Report: Local regulations for wind energy projects can protect interests of rural landowners

Wind turbines in northern Iowa. (Brooke Raymond/Flickr)
Wind turbines in northern Iowa. (Brooke Raymond/Flickr)
Nick Fetty | June 9, 2016

Local regulations could be key to protecting the interests of landowners and communities when pursuing wind energy projects, according to a recent report.

Respect and Restore: Reassessing Local Wind Energy Standards was published last month by the Nebraska-based Center for Rural Affairs. The report’s authors outline the impacts that heavy construction vehicles and other equipment associated with wind energy projects can have on land and infrastructure not designed for such loads. The report also discusses various county and municipal ordinances that affect the construction and decommissioning of wind energy projects.

The report’s authors recommend that county and other local governments enact ordinances that better protect rural lands and roads, particularly during the construction of wind projects. The authors conclude:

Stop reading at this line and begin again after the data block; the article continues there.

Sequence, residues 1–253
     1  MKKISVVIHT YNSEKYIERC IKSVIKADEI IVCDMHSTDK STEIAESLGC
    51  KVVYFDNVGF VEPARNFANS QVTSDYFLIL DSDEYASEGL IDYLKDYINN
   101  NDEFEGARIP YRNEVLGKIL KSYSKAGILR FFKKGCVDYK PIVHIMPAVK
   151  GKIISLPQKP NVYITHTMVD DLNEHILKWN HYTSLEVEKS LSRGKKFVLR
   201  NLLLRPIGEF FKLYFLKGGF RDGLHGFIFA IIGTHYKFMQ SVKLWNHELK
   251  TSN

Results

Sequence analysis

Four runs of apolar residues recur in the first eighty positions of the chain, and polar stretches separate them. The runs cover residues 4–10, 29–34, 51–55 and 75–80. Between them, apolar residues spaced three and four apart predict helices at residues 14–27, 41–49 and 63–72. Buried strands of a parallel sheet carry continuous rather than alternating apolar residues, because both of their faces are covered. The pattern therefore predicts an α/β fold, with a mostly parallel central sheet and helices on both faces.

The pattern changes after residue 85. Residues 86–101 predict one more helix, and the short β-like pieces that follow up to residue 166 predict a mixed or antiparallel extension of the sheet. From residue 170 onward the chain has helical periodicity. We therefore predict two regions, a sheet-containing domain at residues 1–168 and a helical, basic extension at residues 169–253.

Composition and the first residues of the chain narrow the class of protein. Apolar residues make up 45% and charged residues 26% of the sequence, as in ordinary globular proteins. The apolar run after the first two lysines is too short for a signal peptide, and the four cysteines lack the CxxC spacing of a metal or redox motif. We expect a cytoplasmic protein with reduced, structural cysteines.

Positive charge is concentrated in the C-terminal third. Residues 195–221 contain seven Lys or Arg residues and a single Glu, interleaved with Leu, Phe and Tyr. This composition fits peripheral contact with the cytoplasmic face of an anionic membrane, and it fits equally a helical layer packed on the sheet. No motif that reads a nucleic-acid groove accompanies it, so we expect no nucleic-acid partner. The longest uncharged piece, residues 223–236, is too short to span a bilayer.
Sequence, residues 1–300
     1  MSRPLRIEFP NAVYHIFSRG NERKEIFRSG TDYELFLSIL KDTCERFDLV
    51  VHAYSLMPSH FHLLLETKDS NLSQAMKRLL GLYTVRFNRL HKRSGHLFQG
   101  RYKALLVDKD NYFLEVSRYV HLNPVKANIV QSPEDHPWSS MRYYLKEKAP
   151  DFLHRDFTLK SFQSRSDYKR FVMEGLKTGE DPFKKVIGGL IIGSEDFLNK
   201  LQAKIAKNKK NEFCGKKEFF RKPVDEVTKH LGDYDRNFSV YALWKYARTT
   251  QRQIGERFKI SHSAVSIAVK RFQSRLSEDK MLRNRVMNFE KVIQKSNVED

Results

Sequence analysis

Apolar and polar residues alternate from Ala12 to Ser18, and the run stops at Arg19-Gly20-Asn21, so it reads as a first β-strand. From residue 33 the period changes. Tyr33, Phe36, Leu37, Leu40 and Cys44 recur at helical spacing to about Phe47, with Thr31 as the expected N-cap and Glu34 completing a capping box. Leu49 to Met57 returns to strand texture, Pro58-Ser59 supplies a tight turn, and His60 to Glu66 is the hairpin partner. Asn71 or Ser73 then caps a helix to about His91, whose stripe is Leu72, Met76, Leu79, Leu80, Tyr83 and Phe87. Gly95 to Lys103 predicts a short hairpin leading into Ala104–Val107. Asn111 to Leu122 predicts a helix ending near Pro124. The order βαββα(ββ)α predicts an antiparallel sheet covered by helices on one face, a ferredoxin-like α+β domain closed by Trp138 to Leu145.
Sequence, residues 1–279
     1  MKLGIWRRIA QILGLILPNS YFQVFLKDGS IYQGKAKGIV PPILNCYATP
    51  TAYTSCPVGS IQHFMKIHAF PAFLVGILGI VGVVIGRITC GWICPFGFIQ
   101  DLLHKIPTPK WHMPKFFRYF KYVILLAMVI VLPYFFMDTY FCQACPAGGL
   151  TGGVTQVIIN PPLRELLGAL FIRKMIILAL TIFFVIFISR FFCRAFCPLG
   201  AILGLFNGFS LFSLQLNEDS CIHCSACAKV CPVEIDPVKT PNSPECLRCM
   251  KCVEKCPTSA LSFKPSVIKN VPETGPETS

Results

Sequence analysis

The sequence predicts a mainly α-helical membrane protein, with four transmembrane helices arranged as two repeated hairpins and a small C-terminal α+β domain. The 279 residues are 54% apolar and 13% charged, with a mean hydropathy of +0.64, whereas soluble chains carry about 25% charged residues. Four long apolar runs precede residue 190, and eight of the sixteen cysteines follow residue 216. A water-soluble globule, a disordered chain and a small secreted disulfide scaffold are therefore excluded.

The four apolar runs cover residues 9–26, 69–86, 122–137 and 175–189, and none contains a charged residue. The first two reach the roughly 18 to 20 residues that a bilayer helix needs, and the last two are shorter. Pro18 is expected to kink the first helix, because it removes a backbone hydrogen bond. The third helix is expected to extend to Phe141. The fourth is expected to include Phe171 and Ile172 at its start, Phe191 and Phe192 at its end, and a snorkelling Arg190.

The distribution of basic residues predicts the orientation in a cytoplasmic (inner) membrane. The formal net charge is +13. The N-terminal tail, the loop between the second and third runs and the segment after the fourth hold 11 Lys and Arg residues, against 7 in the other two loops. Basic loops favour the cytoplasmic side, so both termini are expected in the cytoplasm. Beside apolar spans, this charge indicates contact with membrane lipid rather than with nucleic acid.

“As wind development continues to grow, it is essential that developers and local officials work to tackle the concerns and issues experienced by community stakeholders. Continuing to develop renewable resources provides tangible benefits to rural communities across the nation. But to ensure that these benefits are not realized at the expense of landowners and community members, wind energy projects must be developed in a way that addresses the challenges presented by the construction process.”

The Center for Rural Affairs published a similar report last year which outlined zoning, methods for regulation of wind energy development, and state and local control of regulations on wind projects in Iowa and other Midwestern states.

Iowa was the first state in the country to produce more than 30 percent of its electricity from wind and currently leads in the nation in percentage of energy production from wind power.

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